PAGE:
The media results groupings 116 provide a compact area to view the results of the media programming search. Particularly, each grouping may present a number of programs that is less than the total number of programs in the grouping. For example, each grouping may represent a media program series and may present up to three episodes from the series. A program identifier 154 identifies the name of the series or grouping. The episodes or instances of the program are represented by schedule entries 156. A more control 158 indicates when more episodes or program instances exist that are not shown in the schedule entries 156. The more control 158 can also indicate how many more entries exist. A user may select the more control 158 to present the additional entries. In addition, a user may select the additional results control 118 to present additional groupings. The additional results control 118 indicates the number of additional pages of media results groupings. A user may select a particular page of media results groupings to be presented in the groupings 116.

When the landing page 104 is resized, for example as a result of a user input, the schedule grid 120 may be resized accordingly. The addition or subtraction of page space may be divided among the cells of the grid 120. The cells of the grid may have minimum and maximum sizes, such that if the minimum or maximum sizes of the cells are reached rows and/or columns may be removed or added, respectively, from the grid 120. The resizing, addition, and subtraction of cells in the grid 120 may be performed by a client-side script in a web browser, such as JavaScript.

Alternatively, or in addition (such as after the cells have reached a minimum size) the cells may be maintained in constant size and the grid 120 may have its channel and time dimensions shrunk or expanded as the window is decreased or increased in size respectively. Thus, for example, as the window is decreased in size, programs may be cut off in half-hour increments.

FIG. 1C shows the details page 106. As previously described, the details page 106 includes the program details area 132, the image details area 140, and the search details area 142. The program details area 132 shows a list 160 of actors associated with the presented program. A user may select an actor in the list 160 to initiate a search of media programming for the selected actor. The search may direct the user to the landing page 104. Alternatively, such a selection may obtain a details page associated with the actor, such as from the iMDB web site. Similar actions may be taken with respect to producers and others who might be associated with a program.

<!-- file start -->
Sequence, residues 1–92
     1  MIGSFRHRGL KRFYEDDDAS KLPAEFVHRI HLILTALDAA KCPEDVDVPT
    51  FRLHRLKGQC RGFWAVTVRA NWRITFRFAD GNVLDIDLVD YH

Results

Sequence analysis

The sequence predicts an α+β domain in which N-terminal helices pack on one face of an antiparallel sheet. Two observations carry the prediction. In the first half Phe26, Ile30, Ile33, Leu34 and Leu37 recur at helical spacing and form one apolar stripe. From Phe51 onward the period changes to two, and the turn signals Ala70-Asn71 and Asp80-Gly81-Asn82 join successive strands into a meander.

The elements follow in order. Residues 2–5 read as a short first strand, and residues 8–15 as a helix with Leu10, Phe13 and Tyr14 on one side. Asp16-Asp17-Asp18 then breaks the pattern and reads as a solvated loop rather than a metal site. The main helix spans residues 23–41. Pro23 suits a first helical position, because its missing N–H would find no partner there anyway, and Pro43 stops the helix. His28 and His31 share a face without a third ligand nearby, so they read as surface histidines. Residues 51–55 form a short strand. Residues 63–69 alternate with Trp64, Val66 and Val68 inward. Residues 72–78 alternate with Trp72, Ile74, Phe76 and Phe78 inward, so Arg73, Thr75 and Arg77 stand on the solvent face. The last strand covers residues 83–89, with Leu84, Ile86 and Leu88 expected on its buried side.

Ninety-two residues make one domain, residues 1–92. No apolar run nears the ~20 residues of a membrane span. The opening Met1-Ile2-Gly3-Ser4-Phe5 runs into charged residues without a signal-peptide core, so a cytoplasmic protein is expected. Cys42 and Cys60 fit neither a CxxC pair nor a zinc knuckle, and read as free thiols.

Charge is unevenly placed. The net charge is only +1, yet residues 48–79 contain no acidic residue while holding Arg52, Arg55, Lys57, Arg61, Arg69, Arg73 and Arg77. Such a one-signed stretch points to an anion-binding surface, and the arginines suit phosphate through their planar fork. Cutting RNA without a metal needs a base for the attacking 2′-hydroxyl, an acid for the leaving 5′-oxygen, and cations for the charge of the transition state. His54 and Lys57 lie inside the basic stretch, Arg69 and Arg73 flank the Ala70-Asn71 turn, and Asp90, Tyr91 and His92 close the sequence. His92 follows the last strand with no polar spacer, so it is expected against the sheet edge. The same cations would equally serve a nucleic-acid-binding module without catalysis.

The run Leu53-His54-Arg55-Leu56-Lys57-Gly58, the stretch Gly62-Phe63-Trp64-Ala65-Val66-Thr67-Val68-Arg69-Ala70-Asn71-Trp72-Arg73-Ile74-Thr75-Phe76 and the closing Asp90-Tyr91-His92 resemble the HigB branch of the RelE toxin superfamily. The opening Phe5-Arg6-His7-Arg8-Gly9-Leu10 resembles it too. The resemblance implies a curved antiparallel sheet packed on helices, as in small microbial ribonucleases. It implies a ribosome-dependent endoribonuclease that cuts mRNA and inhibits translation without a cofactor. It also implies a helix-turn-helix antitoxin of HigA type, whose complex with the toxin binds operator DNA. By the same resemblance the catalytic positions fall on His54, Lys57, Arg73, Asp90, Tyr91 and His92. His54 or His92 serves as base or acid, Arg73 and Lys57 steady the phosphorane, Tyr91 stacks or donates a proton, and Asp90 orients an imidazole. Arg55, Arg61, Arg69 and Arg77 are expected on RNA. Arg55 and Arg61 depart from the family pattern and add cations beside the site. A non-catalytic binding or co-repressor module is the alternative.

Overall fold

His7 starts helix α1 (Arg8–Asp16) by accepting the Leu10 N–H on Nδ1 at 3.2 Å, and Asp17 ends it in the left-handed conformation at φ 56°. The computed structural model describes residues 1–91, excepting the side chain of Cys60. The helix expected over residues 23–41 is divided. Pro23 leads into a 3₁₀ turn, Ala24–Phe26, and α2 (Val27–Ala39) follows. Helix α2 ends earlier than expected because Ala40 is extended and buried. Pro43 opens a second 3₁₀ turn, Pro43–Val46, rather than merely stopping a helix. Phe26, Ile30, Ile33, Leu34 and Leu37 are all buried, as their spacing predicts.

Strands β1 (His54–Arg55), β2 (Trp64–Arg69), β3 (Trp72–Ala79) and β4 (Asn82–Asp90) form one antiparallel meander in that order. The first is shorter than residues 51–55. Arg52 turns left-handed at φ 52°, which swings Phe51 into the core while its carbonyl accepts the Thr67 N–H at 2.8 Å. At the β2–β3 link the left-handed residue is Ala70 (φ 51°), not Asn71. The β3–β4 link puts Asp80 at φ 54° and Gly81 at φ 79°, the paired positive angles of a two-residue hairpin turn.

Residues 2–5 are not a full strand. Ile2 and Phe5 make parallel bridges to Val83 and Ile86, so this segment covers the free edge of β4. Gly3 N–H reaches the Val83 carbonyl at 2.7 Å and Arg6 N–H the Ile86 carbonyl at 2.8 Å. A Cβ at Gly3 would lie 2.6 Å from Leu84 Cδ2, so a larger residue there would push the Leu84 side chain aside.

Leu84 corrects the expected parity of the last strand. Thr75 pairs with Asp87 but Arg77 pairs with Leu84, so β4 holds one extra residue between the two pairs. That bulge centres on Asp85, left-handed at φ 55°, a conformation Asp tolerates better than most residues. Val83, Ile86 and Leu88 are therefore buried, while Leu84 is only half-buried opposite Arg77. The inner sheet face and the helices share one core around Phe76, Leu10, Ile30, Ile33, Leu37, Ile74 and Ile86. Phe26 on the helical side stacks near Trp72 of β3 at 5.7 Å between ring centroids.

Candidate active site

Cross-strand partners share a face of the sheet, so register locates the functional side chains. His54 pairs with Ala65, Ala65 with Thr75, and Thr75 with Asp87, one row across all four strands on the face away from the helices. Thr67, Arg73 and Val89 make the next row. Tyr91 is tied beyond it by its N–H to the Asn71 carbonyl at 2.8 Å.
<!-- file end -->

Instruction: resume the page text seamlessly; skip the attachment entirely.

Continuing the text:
The program details area 132 includes actions 162 a-c that may be performed using the program, such as by scheduling the program for recording to a PVR (162 a), sending a link or other indicator for the program to a friend via electronic mail (162 b), and to add an indicator for the program to a calendar, such as a Microsoft Outlook calendar (162 c). The program details area 132 also includes information 166 associated with the program, such as an image from the program, the name of the series, the name of the episode, a synopsis of the episode, the date and time the program is scheduled for presentation, the channel presenting the program, the format of the program (e.g., a drama series), an indication of whether the program was previously presented or if it is a new episode, ratings information, and accessibility information. The information in the program details area 132 may be retrieved from web sites and services, such as a television/cable/satellite listings service and/or a movie/television information database.

The image details area 140 presents images and image information associated with the program. The images are retrieved by performing a search, for example, of the Internet, images previously retrieved form the internet, or another corpus, using the search term or other information associated with the program.

The search details area 142 presents web pages and web page information associated with the program. The web pages are retrieved by performing a search, for example, of the Internet using the search term or other information associated with the program.

In addition, the details page 106 may include a video details area. FIG. 1D shows a video details area 170 that may be included in the details page 106. The video details area 170 may present a thumbnail image or sample frame or frames (e.g., a short clip) of the video and a link to where the video may be found. The video or videos associated with the program may be retrieved by performing a search, for example, of the Internet using the search term or other information associated with the program. The videos may include videos of other episodes of the program, or may include publicly made videos about the program, among other things. As one example, keywords may be associated with a program, either manually or by analysis of characteristics of the program and a transcript of the episode. Those keywords may be used to identify matching videos. For example, an episode of JAG may include extensive discussions of carrier landings, so that video details area 170 for that episode includes results of videos showing spectacular carrier landings.

A user may select one of the images 140 a-d and be directed to a web page where the image may be found. In addition, the user may select one of the web page links 142 a-c to be directed to the web page where a reference to the program was found. In certain implementations, the user may input a rating and/or comment for the program. Other users may then view the rating (or a composite rating form multiple users) and/or comment provided by the user, and may also filter results based on the rating.